For decades the NFL TV blackout policy has kept fans in local TV markets from watching their home team play if the game hadn’t sold out 72 hours in advance. Fans haven’t especially liked the NFL’s TV broadcast policy. Turns out, neither does the FCC.
The FCC has just flagged the NFL TV blackout policy — and others in the NBA, MLB and NHL — as “unsportsmanlike conduct” and overruled their legality.
Blackout policies have had two consequences for nearly four decades. The first kept local TV stations from broadcasting NFL games that hadn’t sold out at least 72 hours in advance. You may recall one Green Bay Packers game last year that sold out on gameday due to frigid weather.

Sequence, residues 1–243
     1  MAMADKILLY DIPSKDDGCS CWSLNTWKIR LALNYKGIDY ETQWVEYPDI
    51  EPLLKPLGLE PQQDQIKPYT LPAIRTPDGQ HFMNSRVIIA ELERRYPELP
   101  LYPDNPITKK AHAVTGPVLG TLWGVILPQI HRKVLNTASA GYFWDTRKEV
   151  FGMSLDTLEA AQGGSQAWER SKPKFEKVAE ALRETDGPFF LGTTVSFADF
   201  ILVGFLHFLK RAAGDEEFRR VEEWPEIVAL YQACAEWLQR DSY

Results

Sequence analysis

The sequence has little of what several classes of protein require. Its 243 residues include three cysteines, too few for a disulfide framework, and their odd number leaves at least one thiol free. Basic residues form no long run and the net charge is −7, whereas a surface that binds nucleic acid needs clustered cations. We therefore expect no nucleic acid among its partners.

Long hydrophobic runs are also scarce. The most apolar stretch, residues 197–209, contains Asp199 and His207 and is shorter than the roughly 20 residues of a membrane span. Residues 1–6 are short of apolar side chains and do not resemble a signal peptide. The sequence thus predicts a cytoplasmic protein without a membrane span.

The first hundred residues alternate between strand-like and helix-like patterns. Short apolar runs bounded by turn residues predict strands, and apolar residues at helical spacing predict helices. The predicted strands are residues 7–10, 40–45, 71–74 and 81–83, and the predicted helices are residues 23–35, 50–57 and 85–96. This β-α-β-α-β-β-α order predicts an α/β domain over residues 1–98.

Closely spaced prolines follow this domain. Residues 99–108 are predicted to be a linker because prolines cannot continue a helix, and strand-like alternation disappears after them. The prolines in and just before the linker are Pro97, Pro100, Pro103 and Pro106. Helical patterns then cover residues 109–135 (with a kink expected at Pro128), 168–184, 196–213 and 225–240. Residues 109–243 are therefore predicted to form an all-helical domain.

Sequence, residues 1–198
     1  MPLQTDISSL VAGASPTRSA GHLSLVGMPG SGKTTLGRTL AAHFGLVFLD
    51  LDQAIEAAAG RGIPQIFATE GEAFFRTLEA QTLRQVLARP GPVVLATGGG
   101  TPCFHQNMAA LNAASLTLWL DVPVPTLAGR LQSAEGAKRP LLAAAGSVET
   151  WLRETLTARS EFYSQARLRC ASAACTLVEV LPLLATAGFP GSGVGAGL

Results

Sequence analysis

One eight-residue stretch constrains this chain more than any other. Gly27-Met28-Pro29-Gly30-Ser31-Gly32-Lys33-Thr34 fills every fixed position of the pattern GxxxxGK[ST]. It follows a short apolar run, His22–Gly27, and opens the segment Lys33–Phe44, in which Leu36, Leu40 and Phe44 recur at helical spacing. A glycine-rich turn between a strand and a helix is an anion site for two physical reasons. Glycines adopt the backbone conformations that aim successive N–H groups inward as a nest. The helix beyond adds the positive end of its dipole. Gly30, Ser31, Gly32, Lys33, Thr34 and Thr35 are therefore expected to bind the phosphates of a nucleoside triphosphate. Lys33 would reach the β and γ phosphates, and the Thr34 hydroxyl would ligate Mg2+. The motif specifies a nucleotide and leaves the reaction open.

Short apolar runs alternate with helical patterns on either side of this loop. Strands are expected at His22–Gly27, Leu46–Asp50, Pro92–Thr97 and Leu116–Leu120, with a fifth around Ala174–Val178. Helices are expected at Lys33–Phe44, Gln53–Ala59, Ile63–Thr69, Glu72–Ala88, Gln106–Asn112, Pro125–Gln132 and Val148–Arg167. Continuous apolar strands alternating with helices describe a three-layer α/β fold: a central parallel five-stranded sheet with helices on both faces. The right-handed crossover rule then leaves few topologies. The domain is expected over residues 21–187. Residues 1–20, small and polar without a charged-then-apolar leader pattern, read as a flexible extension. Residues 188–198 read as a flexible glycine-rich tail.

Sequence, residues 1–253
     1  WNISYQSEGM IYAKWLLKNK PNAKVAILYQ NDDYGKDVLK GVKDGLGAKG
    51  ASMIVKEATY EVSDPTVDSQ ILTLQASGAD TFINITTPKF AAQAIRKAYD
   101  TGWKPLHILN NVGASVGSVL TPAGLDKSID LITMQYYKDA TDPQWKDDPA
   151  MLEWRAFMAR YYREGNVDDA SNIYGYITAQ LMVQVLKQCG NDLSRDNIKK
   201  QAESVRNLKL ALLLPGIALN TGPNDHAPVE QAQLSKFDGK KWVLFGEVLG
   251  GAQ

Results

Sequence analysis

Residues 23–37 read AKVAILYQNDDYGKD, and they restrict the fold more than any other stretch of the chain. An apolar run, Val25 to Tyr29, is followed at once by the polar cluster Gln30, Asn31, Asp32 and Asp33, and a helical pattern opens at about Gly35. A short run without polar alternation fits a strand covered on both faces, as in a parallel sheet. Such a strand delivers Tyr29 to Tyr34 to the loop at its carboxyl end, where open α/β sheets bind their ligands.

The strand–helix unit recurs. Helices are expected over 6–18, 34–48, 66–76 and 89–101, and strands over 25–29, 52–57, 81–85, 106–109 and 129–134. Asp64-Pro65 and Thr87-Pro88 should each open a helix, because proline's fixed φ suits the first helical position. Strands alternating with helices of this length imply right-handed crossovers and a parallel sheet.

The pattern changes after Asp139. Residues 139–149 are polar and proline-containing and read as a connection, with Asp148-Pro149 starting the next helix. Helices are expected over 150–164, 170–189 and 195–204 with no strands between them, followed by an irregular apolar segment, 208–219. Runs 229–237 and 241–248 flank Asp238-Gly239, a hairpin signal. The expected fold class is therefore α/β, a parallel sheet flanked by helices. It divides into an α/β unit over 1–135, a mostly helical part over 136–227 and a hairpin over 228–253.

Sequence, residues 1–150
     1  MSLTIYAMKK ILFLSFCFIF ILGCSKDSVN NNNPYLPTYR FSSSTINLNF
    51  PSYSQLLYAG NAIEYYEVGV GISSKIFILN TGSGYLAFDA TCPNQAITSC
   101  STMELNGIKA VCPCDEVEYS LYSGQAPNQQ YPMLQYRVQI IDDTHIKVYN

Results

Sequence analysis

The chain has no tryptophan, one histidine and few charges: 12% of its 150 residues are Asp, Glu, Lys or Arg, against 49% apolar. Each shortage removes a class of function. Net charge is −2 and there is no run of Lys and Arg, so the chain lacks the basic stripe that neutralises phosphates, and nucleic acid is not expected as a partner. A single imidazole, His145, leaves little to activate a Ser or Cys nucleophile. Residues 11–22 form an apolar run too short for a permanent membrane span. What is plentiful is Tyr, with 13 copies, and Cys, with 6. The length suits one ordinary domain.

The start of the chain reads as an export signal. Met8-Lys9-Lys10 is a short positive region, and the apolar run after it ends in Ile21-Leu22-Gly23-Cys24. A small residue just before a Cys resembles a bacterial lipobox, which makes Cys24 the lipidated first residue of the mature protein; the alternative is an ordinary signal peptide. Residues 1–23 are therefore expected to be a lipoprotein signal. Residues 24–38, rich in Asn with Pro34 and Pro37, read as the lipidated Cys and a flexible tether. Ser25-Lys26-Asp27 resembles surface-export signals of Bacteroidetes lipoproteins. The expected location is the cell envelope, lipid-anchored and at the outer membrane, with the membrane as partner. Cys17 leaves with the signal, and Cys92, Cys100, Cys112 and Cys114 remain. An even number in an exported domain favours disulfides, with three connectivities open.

Under the NFL TV blackout policy, that game couldn’t have been shown on local TV even though fans were just using common sense.
The other consequence of blackout policies kept pay-TV providers such as cable stations and satellite companies from broadcasting any game that was blacked-out on a local station. Once again, fans got the rub.
With its ruling, the FCC said the blackout policies across all professional sports, not just the NFL, were “unnecessary and outdated regulations.” That paves the way for both of those consequences to finally be things of the past.
It doesn’t guarantee that outcome, however. Major League Baseball currently has a private blackout policy that works for them but doesn’t have legal protection. When the NFL broadcast TV contracts with FOX, CBS and NBC expire in 2022, the NFL could currently go that route and jump exclusively to cable and satellite. Considering the money at stake, though, such a jump isn’t likely.